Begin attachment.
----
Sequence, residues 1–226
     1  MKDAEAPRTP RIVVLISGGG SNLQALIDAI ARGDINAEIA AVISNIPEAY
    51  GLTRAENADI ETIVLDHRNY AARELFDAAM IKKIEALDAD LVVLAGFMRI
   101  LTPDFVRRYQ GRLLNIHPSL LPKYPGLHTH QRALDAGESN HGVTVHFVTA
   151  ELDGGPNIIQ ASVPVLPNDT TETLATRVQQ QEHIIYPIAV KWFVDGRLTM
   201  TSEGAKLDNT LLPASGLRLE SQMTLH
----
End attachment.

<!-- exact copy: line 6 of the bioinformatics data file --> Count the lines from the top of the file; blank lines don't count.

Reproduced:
   201  TSEGAKLDNT LLPASGLRLE SQMTLH